While with powerlifting you're simply aiming for power. It'll get you stronger, but you won't see as much muscle growth as with bodybuilding. However I like both, mixing in high reps for muscle growth and low reps for power works wonders. Though if you just do one you'll see more results with them. Such as if you just bodybuild you'll build more muscle, and if you'll just build strength.

Bodybuilding
Powerlifting

Intermittent fasting:
Intermittent fasting is when you tell your body when to eat. Such as you eat 2-8 and fast/only drink water for the rest of the time. It's good for getting rid of stubborn fat. I did it for around three weeks before stopping, because I started going to the gym and I workout around noon, so if I were to do what I am now on an empty stomach, I'd probably puke.

How it works:
When you workout on an empty stomach, your body isn't going to use the food as resources, instead it'll use the fat. Then on your fasting period and you drink water, your body will retain it and you won't feel as hungry.

For the first few days you'll probably feel a little sick in your stomach, but that's natural. Your body has to adjust. My first week it felt like I was gonna puke after I ate my first meal, but I didn't and my body soon adjusted.

Note:
Intermittent fasting isn't a diet. You're just telling your body when to eat. It's imperative that you intake all your calories and protein in that eating window.

Intermittent fasting

What should I eat?
I keep my diet high protein and low fat. I'd suggest the same for everyone.

What I normally eat:
Breakfast: Oatmeal or cereal with tuna sandwich, cashews, and orange juice
Lunch: Turkey burger or lean ham/turkey sandwich, tuna, beans, rice, and fruit shake/smoothie
Dinner: Rice, chicken or steak, beans, vegetables, and tea

What I put in the shake/smoothie:
A cup or two of skim milk, 1 frozen banana, 2 strawberries, 2-4 blackberries, and 2 spoons of chocolate nesquik

Excellent health and fitness YouTube channels:
TwinMuscleWorkout
FastingTwins
Scooby1961

There are some others if you look, but those are the only ones I keep track of.

So, today at the gym my dad (workout partner) accidentally broke the cable row machine. He usually does the whole stack on the machines, but it seems like this one couldn't handle it and/or the wire was worn out. It was hilarious, because as it broke he fell backwards. It was around the start of our workout.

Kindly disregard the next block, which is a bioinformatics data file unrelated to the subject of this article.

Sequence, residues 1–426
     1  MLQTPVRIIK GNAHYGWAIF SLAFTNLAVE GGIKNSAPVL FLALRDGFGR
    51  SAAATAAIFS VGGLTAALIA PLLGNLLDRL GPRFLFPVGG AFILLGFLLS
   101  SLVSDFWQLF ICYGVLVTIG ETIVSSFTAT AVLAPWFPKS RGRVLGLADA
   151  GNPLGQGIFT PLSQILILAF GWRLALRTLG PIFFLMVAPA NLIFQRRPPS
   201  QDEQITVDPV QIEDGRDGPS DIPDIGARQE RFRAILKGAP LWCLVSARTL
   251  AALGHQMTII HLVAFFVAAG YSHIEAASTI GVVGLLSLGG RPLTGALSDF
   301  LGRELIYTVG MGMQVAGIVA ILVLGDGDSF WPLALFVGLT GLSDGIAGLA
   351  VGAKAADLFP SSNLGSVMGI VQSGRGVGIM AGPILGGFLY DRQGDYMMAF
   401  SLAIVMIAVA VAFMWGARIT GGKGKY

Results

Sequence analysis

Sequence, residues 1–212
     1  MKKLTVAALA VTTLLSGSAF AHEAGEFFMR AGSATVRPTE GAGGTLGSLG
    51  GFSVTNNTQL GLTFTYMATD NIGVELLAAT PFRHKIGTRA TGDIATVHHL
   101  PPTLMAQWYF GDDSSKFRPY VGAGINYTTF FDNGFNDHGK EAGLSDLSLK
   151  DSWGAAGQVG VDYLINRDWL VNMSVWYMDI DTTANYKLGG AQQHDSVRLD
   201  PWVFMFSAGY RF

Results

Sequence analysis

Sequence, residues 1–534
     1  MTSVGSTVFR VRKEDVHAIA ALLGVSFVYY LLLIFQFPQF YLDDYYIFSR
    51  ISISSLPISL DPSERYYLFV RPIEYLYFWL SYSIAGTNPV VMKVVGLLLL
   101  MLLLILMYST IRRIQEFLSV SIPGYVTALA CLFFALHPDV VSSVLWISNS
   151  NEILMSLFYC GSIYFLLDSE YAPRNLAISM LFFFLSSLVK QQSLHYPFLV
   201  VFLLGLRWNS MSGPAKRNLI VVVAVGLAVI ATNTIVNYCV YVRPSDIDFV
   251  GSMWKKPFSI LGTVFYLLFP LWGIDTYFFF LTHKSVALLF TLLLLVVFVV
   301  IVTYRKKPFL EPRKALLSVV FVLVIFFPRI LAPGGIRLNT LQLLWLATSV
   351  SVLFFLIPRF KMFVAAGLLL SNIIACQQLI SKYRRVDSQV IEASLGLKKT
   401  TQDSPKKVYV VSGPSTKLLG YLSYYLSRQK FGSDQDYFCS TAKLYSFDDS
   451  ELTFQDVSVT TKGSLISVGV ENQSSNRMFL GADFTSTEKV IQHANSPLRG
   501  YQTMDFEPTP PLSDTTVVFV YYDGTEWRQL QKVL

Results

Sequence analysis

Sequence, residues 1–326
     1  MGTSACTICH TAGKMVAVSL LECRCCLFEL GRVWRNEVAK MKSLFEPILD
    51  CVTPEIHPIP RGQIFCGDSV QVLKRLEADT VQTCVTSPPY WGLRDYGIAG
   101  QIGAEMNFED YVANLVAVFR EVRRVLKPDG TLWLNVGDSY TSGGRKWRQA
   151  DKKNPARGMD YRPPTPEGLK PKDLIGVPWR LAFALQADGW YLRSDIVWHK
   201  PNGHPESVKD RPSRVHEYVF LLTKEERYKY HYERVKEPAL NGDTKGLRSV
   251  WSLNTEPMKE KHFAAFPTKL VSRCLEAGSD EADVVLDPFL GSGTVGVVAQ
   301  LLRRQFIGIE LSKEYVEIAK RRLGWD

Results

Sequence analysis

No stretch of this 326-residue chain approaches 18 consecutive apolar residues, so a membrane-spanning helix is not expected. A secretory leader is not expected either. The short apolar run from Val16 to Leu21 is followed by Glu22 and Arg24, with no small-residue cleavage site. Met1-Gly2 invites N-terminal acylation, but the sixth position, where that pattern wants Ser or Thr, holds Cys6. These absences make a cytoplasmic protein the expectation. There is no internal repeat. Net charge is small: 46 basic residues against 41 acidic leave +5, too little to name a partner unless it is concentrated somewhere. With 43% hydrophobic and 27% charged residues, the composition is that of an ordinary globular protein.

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rayoflight3
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rayoflight3
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1) One armed pushup (triceps)
2) One armed handstand pushup (shoulders)
3) One armed chinup (biceps and lats)
4) One legged squat (quads and core)
5) Standing bridge to standing (back and core)
6) Hanging leg raises (abs)


These are definitely feats I'd like to achieve as well. I've got the one legged squat down, weights added, as well as the hanging leg raise. Can't do #5 because I lack the flexibility at the moment. Everything else is hard as ****, especially 2. I can barely do a handstand, much less do a handstand pushup, much less do a one handed handstand pushup. That's insane.
GhostOfMatrix
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GhostOfMatrix
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I take it you're aiming for a mix of strength training, and some kind of compromise between size gain and tone

Yep, a mix between powerlifting and bodybuilding is what I do. For the most part right now it's mainly bodybuilding, except for deadlifts. I'll probably always aim for strength on that exercise.
trying to figure out that very last set in the last post there

The shrugs for 225 - 25? My dad has amazing traps and has always told me for the last set shrugs I should try to aim for a high number of repetitions.
You also mentioned cutting a while back, and some of the sets are for isolation, but seeing as this is my first read of a 27 page thread, I don't know your agenda: are you competing?